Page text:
Change is the essence

 

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A mindmap for Za’atari’s future learning spaces

I found it useful to use a mind map to highlight areas that need to be considered and addressed whilst developing useful and meaningful learning spaces which respond to the educational and developmental needs of the children in Za’atari.

Mind Map

 

A moment to reflect

For the last few months I have been fortunate enough to be involved with a group of enthusiastic educators whilst researching the place and contribution of learning spaces in education.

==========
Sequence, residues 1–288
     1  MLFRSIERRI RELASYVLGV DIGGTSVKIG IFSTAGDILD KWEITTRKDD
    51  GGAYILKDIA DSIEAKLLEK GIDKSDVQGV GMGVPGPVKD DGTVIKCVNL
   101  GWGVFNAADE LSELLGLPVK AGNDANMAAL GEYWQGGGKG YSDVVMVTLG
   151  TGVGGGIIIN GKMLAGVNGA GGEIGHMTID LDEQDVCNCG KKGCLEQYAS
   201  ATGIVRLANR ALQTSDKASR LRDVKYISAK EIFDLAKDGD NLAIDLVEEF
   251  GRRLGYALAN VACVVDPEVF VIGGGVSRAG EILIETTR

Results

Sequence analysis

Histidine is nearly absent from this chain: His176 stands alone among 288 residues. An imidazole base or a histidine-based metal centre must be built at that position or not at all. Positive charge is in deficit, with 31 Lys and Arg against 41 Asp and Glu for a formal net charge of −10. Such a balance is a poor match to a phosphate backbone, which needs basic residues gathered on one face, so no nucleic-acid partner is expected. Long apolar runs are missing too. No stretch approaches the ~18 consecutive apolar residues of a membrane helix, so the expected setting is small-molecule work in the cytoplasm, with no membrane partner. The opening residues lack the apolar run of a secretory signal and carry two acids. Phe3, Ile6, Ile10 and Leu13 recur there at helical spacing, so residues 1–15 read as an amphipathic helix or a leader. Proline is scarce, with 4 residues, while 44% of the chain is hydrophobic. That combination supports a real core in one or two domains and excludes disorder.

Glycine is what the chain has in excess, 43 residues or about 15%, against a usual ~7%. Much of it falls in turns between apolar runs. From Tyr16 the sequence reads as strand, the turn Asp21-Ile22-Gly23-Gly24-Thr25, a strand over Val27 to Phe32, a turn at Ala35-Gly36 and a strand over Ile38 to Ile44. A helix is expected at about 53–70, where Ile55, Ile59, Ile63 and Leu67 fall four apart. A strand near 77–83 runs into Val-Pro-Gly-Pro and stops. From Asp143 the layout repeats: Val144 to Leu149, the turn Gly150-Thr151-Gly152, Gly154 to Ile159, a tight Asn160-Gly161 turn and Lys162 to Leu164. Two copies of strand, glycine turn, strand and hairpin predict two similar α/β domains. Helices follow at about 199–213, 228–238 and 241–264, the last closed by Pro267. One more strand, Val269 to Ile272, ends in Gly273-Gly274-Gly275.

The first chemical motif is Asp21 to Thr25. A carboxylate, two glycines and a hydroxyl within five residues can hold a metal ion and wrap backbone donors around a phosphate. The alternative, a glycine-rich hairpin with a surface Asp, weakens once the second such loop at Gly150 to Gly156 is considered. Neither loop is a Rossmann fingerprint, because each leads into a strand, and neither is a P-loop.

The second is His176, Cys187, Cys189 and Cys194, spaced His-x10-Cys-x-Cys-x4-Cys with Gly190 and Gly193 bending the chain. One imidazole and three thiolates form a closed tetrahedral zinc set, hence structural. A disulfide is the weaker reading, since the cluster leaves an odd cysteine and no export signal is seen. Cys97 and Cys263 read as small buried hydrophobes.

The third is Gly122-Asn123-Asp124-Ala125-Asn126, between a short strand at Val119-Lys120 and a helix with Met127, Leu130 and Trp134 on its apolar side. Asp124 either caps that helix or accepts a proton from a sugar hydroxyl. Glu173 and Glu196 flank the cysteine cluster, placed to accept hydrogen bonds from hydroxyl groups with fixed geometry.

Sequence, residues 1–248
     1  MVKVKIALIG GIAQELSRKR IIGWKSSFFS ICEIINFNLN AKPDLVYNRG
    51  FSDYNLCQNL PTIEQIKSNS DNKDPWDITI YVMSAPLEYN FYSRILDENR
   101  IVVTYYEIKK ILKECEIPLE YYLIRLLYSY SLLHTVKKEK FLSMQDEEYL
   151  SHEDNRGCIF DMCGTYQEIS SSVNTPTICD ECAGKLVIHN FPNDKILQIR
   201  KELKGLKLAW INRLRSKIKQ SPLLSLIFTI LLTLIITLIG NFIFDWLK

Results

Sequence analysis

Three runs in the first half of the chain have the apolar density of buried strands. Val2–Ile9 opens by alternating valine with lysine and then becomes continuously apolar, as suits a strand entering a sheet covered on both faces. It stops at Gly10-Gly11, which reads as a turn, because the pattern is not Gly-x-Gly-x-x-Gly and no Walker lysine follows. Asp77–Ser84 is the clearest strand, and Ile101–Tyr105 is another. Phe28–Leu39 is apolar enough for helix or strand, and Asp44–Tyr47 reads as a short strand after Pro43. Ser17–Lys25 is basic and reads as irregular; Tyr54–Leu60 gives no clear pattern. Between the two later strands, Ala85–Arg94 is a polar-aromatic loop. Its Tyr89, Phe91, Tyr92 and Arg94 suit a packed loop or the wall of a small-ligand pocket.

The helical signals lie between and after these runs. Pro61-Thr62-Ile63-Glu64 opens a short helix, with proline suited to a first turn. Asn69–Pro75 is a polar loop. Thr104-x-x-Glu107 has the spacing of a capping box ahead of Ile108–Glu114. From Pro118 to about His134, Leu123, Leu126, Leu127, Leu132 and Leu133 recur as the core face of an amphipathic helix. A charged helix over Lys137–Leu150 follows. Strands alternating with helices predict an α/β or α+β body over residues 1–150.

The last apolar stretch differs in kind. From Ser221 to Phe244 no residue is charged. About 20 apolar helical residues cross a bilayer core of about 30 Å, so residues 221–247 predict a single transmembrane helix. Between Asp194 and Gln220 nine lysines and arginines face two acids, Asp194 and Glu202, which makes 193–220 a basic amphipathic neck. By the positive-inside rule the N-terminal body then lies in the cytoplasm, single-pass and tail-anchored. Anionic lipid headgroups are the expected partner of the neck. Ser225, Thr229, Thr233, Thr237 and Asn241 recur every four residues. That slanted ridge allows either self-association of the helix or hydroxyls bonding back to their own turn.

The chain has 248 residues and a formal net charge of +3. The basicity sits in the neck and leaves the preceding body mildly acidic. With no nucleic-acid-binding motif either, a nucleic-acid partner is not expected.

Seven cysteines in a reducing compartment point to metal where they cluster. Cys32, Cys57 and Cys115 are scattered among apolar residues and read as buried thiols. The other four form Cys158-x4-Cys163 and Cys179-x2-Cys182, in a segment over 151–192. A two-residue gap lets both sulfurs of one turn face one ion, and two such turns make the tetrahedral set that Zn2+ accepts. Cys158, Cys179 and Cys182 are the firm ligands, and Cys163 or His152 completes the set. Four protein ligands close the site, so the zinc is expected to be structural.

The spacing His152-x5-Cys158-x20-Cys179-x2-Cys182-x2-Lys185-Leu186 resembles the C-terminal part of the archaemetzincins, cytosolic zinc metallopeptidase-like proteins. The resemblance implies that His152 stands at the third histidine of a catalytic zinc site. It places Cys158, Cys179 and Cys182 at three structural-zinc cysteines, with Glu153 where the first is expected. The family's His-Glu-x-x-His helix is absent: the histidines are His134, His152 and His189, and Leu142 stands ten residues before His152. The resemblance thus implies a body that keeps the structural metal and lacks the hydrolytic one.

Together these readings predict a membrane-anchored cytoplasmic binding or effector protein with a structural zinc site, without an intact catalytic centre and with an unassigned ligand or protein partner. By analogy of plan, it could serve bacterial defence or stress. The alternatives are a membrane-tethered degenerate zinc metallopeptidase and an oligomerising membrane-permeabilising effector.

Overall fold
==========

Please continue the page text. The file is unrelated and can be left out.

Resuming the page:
The research and learning that has taken place could not have been possible without the collective input of my peers. They have provided me with ideas, solutions, and motivation when at times I felt challenged. I can also wholeheartedly say that without the guidance, support and facilitation of one particular member and leader (thank you Adam Staples) none of this would have been possible.

Our research over the course of the last 4 weeks specifically has focussed on a topic that is not easy to digest – the Syrian refugee crisis. At many times, I found myself questioning the lack of humanity that people are capable of, and wondering what on earth I could do to make any improvements for such an enormous problem.